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How painkillers, salt and diabetes affect your kidney

By Dr Manoj Arora
March 14, 2019 10:30 IST
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The right amount of sodium intake, medication and water consumption can help manage your kidneys, says Dr Manoj Arora.

How to protect your kidneys

Photograph:  Eddie Keogh/Reuters

Over 850 million people worldwide suffer from kidney diseases that are chronic in nature (2.4 million deaths per year; 6th fastest growing cause of death) and acute (1.7 million deaths per year).

In India, the incidence rate of end-stage renal disease is estimated to be 229 per million population and more than 1,00,000 new patients enter renal replacement therapy annually.

The rising incidence of chronic kidney disease is expected to pose major problems for healthcare providers and the Indian economy in future years.

The Indian Council of Medical Research (ICMR) study ranked chronic kidney disease in 2016 as the 16th leading cause of ailment in the country and added that by 2040, renal failure could well be among top five ailments.

Dr Manoj Arora, senior consultant, department of nephrology, Fortis Hospital, Shalimar Bagh shares a few insights on how to take care of your kidneys better:

Common habits which may damage your kidney:

  • Overusing painkillers
  • Abusing the salt shaker
  • Not drinking enough water
  • Missing out on sleep
  • Eating too much meat
  • Smoking
  • Diabetic and Hypertension patients not checking kidney functions routinely

How smoking affects your kidneys

Smoking can lead to worsening your kidney damage in multiple ways.

Here's a list of what it does to your body:

  • Increases blood pressure and heart rate
  • Reduces blood flow in the kidneys
  • Increases production of angiotensin II (a hormone produced in kidney)
  • Narrows the blood vessels in the kidneys
  • Damages arterioles (branches of arteries)
  • Forms arteriosclerosis (thickening and hardening of the renal arteries)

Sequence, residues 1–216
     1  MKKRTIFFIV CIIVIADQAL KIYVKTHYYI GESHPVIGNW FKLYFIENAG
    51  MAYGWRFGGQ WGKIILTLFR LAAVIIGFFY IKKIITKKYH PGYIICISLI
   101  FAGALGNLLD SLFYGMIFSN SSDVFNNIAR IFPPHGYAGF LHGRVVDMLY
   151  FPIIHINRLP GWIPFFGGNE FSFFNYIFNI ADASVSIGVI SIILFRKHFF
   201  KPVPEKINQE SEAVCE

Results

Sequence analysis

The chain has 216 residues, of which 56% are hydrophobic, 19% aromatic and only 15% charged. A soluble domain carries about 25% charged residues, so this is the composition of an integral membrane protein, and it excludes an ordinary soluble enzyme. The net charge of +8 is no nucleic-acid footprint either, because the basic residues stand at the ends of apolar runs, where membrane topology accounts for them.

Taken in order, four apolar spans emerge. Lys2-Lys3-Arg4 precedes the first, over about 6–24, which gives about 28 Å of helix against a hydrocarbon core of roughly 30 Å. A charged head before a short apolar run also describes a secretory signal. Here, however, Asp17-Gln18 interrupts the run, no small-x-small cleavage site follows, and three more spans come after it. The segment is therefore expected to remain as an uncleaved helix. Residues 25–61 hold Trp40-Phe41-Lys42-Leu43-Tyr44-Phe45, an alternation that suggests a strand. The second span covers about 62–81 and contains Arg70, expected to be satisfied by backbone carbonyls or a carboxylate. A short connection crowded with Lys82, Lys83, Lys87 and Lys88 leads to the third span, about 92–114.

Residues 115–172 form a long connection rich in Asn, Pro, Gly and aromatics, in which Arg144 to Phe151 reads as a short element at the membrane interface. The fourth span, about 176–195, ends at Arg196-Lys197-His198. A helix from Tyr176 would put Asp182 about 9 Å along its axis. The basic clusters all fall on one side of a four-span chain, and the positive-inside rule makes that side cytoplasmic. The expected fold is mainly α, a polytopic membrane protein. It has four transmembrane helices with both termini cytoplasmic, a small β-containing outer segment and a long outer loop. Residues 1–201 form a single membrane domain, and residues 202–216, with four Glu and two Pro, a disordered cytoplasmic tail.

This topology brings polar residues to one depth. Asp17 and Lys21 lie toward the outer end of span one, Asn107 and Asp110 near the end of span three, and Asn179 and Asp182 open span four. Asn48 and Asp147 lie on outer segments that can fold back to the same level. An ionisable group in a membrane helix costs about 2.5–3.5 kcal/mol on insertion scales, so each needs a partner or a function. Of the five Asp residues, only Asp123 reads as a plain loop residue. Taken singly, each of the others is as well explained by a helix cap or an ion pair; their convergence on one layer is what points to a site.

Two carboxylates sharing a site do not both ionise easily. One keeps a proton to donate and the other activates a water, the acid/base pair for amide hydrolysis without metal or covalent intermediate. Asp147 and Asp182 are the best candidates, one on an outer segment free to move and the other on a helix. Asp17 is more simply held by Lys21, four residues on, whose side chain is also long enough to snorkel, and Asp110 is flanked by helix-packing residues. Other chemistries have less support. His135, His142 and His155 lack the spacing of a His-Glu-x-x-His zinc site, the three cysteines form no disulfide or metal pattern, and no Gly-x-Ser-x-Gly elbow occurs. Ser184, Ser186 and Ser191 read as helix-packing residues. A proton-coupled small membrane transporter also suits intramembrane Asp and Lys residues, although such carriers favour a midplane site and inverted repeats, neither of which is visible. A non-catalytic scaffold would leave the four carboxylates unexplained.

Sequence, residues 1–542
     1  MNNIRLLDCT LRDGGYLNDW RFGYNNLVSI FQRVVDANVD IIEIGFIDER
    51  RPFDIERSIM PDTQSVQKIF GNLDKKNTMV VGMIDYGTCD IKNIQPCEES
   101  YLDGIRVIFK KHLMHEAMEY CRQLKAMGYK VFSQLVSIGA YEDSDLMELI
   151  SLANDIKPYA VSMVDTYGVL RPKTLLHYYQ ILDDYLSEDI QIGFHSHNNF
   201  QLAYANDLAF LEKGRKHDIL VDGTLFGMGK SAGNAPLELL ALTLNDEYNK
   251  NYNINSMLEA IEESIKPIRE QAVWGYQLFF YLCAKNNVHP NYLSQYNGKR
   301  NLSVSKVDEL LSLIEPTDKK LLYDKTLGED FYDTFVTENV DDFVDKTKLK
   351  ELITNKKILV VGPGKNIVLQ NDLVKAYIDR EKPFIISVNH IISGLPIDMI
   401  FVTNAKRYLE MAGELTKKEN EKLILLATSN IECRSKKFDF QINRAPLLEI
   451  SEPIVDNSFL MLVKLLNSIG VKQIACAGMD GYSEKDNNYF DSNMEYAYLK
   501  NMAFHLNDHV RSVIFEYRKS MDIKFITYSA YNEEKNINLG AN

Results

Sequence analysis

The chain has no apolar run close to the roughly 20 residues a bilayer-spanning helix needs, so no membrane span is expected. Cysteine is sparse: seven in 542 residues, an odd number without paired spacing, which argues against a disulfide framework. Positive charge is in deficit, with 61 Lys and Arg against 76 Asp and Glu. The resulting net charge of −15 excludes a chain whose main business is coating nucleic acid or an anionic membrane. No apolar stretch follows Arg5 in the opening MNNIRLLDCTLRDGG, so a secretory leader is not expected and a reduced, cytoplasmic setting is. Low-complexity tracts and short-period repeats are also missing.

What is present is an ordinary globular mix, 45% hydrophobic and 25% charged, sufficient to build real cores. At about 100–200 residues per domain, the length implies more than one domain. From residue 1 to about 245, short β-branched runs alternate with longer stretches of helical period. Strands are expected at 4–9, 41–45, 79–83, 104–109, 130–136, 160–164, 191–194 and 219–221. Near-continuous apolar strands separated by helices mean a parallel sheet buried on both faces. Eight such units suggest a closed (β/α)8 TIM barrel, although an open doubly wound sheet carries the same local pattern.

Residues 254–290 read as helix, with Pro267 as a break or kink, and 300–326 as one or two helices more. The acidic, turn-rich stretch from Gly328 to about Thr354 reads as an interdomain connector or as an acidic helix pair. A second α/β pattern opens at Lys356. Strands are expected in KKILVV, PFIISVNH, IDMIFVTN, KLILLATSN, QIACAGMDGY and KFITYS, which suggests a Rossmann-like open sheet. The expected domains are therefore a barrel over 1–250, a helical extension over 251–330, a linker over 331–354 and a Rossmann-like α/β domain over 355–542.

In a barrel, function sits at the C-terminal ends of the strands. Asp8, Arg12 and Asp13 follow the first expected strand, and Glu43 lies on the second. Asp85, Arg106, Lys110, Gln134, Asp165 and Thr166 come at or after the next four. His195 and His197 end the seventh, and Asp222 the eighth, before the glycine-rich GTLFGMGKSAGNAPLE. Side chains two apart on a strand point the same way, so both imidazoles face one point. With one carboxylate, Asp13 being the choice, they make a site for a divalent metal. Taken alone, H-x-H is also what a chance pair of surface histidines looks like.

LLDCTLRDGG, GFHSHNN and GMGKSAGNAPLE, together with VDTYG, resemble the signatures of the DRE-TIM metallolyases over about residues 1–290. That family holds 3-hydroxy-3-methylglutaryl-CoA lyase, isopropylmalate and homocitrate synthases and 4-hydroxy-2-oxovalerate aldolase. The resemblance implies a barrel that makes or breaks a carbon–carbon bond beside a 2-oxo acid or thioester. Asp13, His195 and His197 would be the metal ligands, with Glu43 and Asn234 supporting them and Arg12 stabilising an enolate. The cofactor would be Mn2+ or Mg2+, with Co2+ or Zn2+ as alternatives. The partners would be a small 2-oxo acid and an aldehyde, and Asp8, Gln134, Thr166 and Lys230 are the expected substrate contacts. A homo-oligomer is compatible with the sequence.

How junk food affects your kidneys

Processed and junk food cause glucose to accumulate in your blood.

When the blood is unable to produce enough insulin to neutralise the same, it can lead to obesity and Type 2 diabetes which may damage your kidneys.

How alcohol affects your kidneys

Alcohol has multiple effects on the kidney.

It dehydrates the organ making it difficult for the kidney to remove waste from the blood

Alcohol also leads to high blood pressure and liver disease causing the kidneys to malfunction.

How to be 'water wise'

You must try and consume at least eight glasses of water in a day.

The objective is to ensure that adequate amount of water consumption takes place,  leaving the body with enough water intake to survive and thrive.

In cases of kidney failure, restriction of water is required if there is a fluid overload.

In some cases, too much water leads to a condition called hyponatremia -- wherein the sodium levels in the blood is diluted, causing the person to feel weak and dizzy.

Remember your body needs to produce 1.5 litres of urine every day.

The colour of urine can indicate a lot about your overall health. For example, dark yellow urine suggests dehydration, jaundice; light yellow or colourless indicate that the body is functioning properly

Drinking enough water also helps produce more urine, which helps to flush out infection-causing bacteria. '

Sufficient intake of water helps prevent kidney stones.

Beware of pills and procedures that are not medically proven or tested.

Drinking extra water with certain medications or before and after procedures with contrast dye may help prevent kidney damage.

Besides drinking adequate amount of water, it is important to maintain your sodium intake, balance vitamin D and lead an active lifestyle.

 Lead image published for representational purposes only.

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Dr Manoj Arora